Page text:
Growing up in rural northwestern Pennsylvania then spending two years in the football-obsessed capital city of Nebraska, you quickly become dependent on having a vehicle. For most people, driving to and from work and everywhere in between is something you get used to and take for granted. For 25 years, I never could have imagined a day and time when I’d gladly ditch my car in exchange for public transportation.
Living in Chicago, you quickly realize that cars are a waste of time, money, gas, effort, stress, high-blood pressure…you name it. It’s not worth having one in this city. When my family visited recently, I gladly sent my car home with them, essentially swapping out the headache of having to move my car twice a month for street cleaning (welcome to driving in circles for 30+ minutes each time hunting for a free parking space that you’ll actually fit in without having a dented/scratched bumper) for lower insurance rates thanks to a population a fraction of the size of Chicago while I finish out my lease that’s thankfully up in May.
Not having a car is, by far, one of the most liberating feelings ever. I now understand how feminists felt when they burned their bras during the Women’s Rights Movement (or whenever they burned them – perhaps while camping for fire-starters last weekend? – I don’t know how you ladies operate these days). Without a car here, public transportation becomes your best friend and worst nightmare, all at the same time.
I have come to love and hate the CTA in my three months here. While you save SO much money taking public transportation vs. having a car (we’re talking a $100 pre-tax deduction for a Chicago Card that gives you unlimited access to CTA services of buses and the “L” vs. about $600+ a month NOT pre-tax for a car payment, insurance, gas, and a parking spot at my condo), you get to deal with delayed trains, walking to and from a station, having to deal with weird people, claustrophobia that you never knew existed, the possibility of winding up in a weird Missed Connections posting on Craigslist, etc.
HOWEVER…the people watching associated with public transportation is absolutely phenomenal. While you see some of the best-looking people that you never though existed outside of magazine pages, you also see some of the craziest shit you could ever imagine too – especially on the Red Line. Believe it or not, there’s actually a blog devoted entirely to the People of the CTA – it brings the People of Walmart to a whole new level. It’s a running joke that the Red Line is the free, all-night homeless shelter of Chicago. Sad, but most definitely true. I cannot tell you the number of odd sights I have seen taking the CTA to and from work every day.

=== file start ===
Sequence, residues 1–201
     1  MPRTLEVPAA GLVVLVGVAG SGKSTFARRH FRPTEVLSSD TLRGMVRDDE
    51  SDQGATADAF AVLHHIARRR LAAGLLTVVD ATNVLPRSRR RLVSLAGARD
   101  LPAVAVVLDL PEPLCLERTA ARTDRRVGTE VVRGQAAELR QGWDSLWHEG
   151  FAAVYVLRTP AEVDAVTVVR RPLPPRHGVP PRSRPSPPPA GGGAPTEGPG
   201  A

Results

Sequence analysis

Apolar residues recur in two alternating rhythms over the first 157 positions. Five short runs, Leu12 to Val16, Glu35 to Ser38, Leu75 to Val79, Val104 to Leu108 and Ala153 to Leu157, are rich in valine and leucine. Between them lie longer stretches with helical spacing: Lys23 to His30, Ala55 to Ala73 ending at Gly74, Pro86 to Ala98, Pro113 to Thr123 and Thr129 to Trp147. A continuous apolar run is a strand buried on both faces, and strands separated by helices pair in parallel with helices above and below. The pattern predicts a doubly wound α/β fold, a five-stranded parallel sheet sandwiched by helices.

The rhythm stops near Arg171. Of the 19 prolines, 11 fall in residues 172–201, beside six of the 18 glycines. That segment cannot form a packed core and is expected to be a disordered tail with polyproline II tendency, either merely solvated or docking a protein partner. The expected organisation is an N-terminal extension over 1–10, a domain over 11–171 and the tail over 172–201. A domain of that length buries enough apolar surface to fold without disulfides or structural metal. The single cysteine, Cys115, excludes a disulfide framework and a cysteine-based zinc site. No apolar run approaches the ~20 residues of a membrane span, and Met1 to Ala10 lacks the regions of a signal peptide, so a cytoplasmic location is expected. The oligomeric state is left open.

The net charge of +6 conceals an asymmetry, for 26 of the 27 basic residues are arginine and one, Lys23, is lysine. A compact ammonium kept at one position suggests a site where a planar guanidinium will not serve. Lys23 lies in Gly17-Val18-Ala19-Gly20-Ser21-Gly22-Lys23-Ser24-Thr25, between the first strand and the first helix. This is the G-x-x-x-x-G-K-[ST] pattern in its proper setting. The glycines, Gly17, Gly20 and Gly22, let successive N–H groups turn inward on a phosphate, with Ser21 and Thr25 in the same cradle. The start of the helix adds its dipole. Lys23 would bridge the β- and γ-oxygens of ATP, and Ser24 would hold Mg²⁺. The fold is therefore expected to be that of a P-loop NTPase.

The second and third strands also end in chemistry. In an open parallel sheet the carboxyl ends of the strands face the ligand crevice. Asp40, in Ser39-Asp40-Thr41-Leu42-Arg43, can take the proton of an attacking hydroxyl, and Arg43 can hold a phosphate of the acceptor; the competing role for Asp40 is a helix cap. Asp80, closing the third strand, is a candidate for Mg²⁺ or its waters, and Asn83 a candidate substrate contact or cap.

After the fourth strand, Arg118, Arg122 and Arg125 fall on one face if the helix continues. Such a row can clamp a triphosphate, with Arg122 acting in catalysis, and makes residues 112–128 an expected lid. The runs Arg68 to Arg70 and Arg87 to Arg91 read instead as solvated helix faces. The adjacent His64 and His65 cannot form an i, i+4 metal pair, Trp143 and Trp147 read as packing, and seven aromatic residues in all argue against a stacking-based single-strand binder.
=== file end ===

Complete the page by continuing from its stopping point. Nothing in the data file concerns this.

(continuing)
- A couple weeks ago there was a random man sprawled out taking up four seats. Pants down around his knees. But no, it doesn’t stop there. Insert right hand of said man into underwear. Passed the F out. At. 6. O’Clock. PM!!!!!! I mean, come on buddy…really???
- Last night. Sandwiched between a man who should have been featured as a “before” spokesperson for a Proactiv commercial and another who should have been fined for how badly he smelled. (Seriously. It was a delicious mix of rotting flesh and a feral-cat-infested home. Yummy, right?) I really wish I’d paid more attention in swim lessons as a child so I could have held my breath longer without getting light-headed and nearly passing out.
- Also last night. Random guy gets onto the train. I have my headphones in (listening to some obnoxiously gay dance mix, most likely at a near ear-splitting volume level that should be reserved for bars only) and can hear this guy start yelling and begging for money. Why can’t you just get a street corner with a cup and a sign like any other homeless person? You clearly just paid $2.25 to get on this train. Go away. But no, it gets worse. Why is he homeless? Because he just got out of the hospital and has nowhere to go so he’s been sleeping on the Blue Line and got an infection in his leg which the hospital is refusing to treat and the CTA refuses to acknowledge. Oh wait…it gets better. He starts showing off said wound to get people to feel sorry for him and give away their dollars. Gross. Exit car. Proceed to get onto next car back.
- A week ago I watched a man with a suitcase – not a carry-on, we’re talking packing-for-a-legit-vacation-checked-bag-fee-required (or any gay going out of town for a weekend) suitcase – use said object as a veritable battering ram to shove his way onto an already-jam-packed Red Line train (thanks a lot, Chicago Cubs for your game that just so happened to coordinate perfectly with rush hour). Umm, where are your manners? There’s another train “immediately behind this one” per the conductor. Rude. Take a number and wait like the rest of us, but don’t mind me while I chuckle as the doors nearly snip your bulbous ass off while you struggle and squeeze your way in while the doors are closing. I hope you fell out when they opened at the next stop. Also, why are you in such a hurry to go somewhere on the Red Line? Newsflash: the Red Line goes to neither O’Hare not Midway, and you’re going the wrong direction from Union Station…
- On the obesity epidemic: you should be charged a second fare if you require two seats on the CTA just like you do if you’re on a plane. Simple. The end.
- Oh, and don’t even get me started on bad weaves. If I had a nickel for every bad weave I’ve seen….ooooh gurrrl…dontchu make me take my urrrringsss off!
It’s reasons like this that I leave my headphones in and my “judging sunglasses” on while riding the train, no matter what time of the day…well, unless it’s at night. I’m not one of those I-wear-my-sunglasses-at-night people. That’s just obnoxious.